Some retailers launched online deals well in advance of Thanksgiving, Black Friday and Cyber Monday.
Wayfair.com in 12 years grew to become a web retailer with more than $900 million in annual revenue by building a business plan grounded in listening and learning from customers, day two keynote and Wayfair CEO Niraj Shah told attendees today at IRCE 2014.
If an online retailer of any size wants to grow, its secret to success is listening to what customers want and then finding ways to surpass expectations. That’s the chief way online home furnishings retailer Wayfair.com grew web sales from a small start-up to more than $900 million in annual web sales, CEO Niraj Shah told attendees this morning at the 2014 Internet Retailer Conference and Exhibition in Chicago.
Speaking as day two keynoter on the topic “Connecting with consumers by giving them what they want,” Shah told attendees they can treat customers one of two ways. “You can treat them as smart and meet their expectations or treat them as dumb and lead them into a purchase,” he said. “We chose to treat customers smart.”
Although Wayfair.com, No. 45 in the 2014 Internet Retailer Top 500 soon expects to exceed $1 billion in annual web sales and could file for an initial public offering as soon as next year, Shah as company co-founder in the early start-up days spent most of his time on the phone dealing with customers. “We didn’t have any money and we boot strapped the business for nine years,” Shah said. “The time we spent on the phone with customers learning what they want and giving it to them was how we learned. Our customers taught us how to grow.”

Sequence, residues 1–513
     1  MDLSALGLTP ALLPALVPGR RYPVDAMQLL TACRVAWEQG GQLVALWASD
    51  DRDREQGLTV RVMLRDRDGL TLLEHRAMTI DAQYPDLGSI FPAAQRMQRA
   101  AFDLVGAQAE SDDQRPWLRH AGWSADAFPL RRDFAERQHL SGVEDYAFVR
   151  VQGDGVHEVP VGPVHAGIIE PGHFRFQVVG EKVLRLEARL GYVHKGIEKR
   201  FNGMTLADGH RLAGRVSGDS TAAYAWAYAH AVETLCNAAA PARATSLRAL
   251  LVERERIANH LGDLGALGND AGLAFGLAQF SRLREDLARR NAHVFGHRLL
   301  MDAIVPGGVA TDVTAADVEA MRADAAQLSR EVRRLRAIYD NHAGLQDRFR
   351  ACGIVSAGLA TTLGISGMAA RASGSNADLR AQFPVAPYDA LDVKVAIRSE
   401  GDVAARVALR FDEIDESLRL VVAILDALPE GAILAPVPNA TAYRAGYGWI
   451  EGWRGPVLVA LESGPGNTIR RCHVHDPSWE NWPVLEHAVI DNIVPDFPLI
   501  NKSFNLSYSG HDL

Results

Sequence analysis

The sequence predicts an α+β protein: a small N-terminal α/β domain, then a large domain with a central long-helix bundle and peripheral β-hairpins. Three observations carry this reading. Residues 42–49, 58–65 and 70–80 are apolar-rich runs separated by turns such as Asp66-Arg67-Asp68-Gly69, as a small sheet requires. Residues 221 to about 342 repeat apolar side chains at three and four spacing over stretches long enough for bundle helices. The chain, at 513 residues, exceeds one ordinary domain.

Wayfair was founded as CSN Stores in 2002 as a niche web merchant with more than 240 different micro sites. Shah launched the business in the housewares and home furnishings space after conducting market research that convinced him the area was underserved by other web merchants and offered the opportunity of selling in niche furniture categories such as the company’s first two web stores for bar stools and TV stands.
Today Wayfair offers 7 million products from more than 12,000 suppliers. But even as the company grew Wayfair never lost touch with listening and learning from customers, Shah told attendees. “After a couple of years we had to 70 employees but we pretty much always had everyone on the phone with customers,” Shah said. “Everything else we worked on seemed like a side job.”
Shah spent a considerable amount of time describing how Wayfair listens to customers. A case in point is mobile. Today mobile commerce accounts for about 25% of all web sales but, more importantly, influences about 40% of all sales, Shah said. Wayfair’s core customers are women aged 35-60 with a family and a busy schedule who like to shop when they have time, including on mobile. “One way we see mobile is that helps them to start the process,” Shah said.
In the housewares and home furnishing space, consumer buying is based on discretionary spending of income, which reinforces the importance of listening to customers, Shah said. “When they shop on Wayfair.com they are spending their ‘fun’ money because it’s what they’ve worked for, but it could be a limited amount and they are choosing to spend it with us,” Shah told attendees. “They tell us how we are doing by voting with their dollars and we have to earn that vote.”
The company has been in business for a dozen years but Shah and his co-founder Steve Conine made the decision to rebrand the company as Wayfair.com about two years ago and merge 240 micro sites into a handful of bigger brands under Wayfair. “We are a relatively young brand,” he told attendees. Today Wayfair.com includes brands such as AllModern, which features originally designed modern products; Birch Lane, which includes classic furnishings and home décor; and DwellStudio, another modern furnishings brand.
Wayfair.com also operates Joss & Main, a daily deal site. One way Wayfair listened to customers and looked to differentiate Joss & Main was by letting customers return merchandise, which most other daily deal sites don’t do. Shah said. ”We listened to our most engaged customers and they wanted returns,” Shah told attendees. “We didn’t offer returns in the beginning because it wasn’t standard operating procedure,” Shah said. “But in the end we became pragmatic because we didn’t want to alienate customers and we removed friction.”